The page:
Writing is easy: All you do is sit staring at a blank sheet of paper until drops of blood form on your forehead.
– Gene Fowler, screenwriter
|Anyone who writes or designs has had those times – and we all have – when our fertile creative fields have shriveled up into deserts. You look anywhere you can for inspiration, but there’s dry dust in every direction. Nothingness. Nada. Zip. Bupkis. And as your anxiety builds, your confidence withers and you couldn’t extract a good idea from your brain with both hands on a pair of Vice Grips.||
Everyone has experienced these periods of creative desolation, but it’s different for anyone who creates for a living. For those of us in employed in the creative media industry, we don’t have the luxury of waiting to be ‘in the zone’ to generate ideas – our livelihoods depend on being creative on demand. Even when we don’t feel like it.
So how do you summon up the powers of creativity on command?
The ancient Greeks personified the creative powers as The Muses – nine goddesses, all daughters of Zeus – who presided over and inspired literature and the arts. And while creatives in classical Greece could summon The Muses for inspiration, creative blockbusting today is really as basic as neutralizing the busy-ness of the brain to allow creative energy to flow from its source.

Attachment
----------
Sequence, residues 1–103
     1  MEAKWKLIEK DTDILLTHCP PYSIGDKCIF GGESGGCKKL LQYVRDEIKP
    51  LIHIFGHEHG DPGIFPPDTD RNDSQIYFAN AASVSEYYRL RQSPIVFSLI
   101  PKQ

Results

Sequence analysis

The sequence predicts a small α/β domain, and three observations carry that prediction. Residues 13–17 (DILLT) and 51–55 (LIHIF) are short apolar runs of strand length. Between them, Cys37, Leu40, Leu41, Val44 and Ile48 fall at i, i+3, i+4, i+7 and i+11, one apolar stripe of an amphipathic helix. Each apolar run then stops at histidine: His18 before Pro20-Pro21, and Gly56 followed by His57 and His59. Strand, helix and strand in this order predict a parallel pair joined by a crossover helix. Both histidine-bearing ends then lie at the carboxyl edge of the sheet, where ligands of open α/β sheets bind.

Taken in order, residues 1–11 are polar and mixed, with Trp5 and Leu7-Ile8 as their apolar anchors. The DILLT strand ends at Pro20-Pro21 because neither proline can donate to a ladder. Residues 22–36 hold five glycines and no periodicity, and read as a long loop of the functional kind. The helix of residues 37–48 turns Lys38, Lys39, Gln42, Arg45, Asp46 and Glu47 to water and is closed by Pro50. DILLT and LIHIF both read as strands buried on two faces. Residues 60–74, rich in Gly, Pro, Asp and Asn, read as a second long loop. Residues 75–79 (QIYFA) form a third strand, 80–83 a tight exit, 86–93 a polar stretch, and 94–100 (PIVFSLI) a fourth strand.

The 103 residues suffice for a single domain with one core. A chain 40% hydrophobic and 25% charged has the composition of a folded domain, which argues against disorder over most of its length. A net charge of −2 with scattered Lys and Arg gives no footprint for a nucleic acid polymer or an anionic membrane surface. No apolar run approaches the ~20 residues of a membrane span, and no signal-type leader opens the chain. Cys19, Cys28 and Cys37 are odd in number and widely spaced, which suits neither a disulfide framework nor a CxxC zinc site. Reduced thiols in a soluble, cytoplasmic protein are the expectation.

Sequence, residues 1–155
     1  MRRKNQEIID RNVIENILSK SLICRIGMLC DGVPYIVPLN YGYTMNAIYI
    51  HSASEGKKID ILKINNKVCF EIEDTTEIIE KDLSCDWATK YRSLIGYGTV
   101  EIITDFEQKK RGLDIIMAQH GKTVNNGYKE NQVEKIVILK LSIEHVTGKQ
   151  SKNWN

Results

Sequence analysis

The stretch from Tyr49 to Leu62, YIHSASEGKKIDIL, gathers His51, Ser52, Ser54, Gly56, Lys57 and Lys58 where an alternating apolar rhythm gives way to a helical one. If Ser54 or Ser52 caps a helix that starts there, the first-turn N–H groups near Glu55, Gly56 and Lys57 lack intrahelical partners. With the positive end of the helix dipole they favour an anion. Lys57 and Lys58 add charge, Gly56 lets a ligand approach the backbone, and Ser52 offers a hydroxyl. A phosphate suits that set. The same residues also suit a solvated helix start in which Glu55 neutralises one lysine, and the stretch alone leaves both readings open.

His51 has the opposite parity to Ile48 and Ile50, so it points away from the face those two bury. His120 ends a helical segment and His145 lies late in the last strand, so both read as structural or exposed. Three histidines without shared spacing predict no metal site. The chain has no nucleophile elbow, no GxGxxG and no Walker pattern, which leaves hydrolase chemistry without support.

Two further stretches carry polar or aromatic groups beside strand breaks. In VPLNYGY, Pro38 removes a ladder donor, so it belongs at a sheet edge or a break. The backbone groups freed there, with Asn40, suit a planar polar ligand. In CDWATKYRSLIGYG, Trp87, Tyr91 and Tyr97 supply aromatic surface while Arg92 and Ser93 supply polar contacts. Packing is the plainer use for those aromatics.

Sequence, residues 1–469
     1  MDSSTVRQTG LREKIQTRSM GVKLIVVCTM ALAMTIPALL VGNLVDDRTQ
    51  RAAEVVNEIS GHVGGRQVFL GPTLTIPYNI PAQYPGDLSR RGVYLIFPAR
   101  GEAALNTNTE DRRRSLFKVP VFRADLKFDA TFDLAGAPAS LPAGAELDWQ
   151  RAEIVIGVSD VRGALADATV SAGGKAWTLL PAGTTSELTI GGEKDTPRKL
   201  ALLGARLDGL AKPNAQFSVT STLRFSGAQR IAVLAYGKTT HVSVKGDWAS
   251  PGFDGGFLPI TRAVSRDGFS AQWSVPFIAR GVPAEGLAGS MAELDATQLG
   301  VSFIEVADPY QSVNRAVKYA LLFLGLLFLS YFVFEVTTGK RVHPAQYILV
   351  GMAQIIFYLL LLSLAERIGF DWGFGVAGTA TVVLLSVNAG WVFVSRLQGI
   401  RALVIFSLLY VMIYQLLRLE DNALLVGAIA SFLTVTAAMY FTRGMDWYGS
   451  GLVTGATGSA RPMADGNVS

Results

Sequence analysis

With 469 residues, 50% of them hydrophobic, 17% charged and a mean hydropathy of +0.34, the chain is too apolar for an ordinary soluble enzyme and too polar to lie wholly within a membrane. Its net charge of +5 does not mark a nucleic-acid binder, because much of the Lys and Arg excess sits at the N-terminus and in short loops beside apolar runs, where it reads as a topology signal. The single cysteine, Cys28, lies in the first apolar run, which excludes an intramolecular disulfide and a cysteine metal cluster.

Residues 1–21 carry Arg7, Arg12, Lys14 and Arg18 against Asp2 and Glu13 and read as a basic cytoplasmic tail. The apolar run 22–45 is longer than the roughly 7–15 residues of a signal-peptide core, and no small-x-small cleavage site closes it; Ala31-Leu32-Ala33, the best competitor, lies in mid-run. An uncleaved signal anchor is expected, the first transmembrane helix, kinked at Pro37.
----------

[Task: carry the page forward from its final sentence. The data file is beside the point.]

Here at Mills James, we each have our own carefully crafted creative recipes for creative juices, but there are some common ingredients we all share:
|Being stuck is often a matter of not seeing the problem clearly enough, and the best antidote for that is distance. Just getting away from a problem helps frame a better view of it. So instead of flailing away, escape. Get away from your computer and do something completely unrelated that doesn’t take your complete concentration.||
Maybe a relaxing drive. Going for a walk. Taking a long shower. Sitting along the riverbank. Something that distracts and calms your consciousness while letting your subconscious get a better grip on the creative situation. Sometimes the best work comes from having enough time to foster a eureka moment while doing something totally mundane.
|In situations when creating just seems too hard, another trick is to work on other, easier tasks – preferably ones that aren’t related. Fill out a timesheet. Organize a drawer. Wash the car. Taking on a bunch of small tasks you can do quickly and well will put you in a more positive mindset of accomplishing things.||
Then when you come back to that seemingly insurmountable creative problem, it’s just another thing to check off the list. Sometimes you just need to just get out of your own way to realize that your best idea was is in there all along.
|Find a multi-sensory environment that’s densely packed with ideas. The library. Museum. Art gallery. Theater. Antique store. The where doesn’t matter as much as the what – which is to see or feel something that inspires. Not necessarily something novel or new, but something that sparks a thought, ignites an original idea, and propels us back to our keyboard, mouse or tablet infused with a fresh realm of possibilities.||
Inevitably, something in these experiences will promote a bout of createarrhea – when the ideas come so rapidly that they can’t even make it to the wastebasket in time.